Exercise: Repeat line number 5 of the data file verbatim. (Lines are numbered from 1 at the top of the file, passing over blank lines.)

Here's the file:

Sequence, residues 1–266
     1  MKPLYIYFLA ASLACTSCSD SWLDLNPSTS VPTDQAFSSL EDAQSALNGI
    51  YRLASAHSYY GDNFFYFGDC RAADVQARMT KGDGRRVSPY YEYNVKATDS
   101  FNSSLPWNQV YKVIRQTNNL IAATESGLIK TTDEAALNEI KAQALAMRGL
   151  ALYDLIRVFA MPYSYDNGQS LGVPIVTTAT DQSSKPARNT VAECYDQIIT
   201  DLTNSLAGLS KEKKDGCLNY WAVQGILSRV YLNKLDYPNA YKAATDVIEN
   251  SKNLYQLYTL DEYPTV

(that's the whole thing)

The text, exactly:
   151  ALYDLIRVFA MPYSYDNGQS LGVPIVTTAT DQSSKPARNT VAECYDQIIT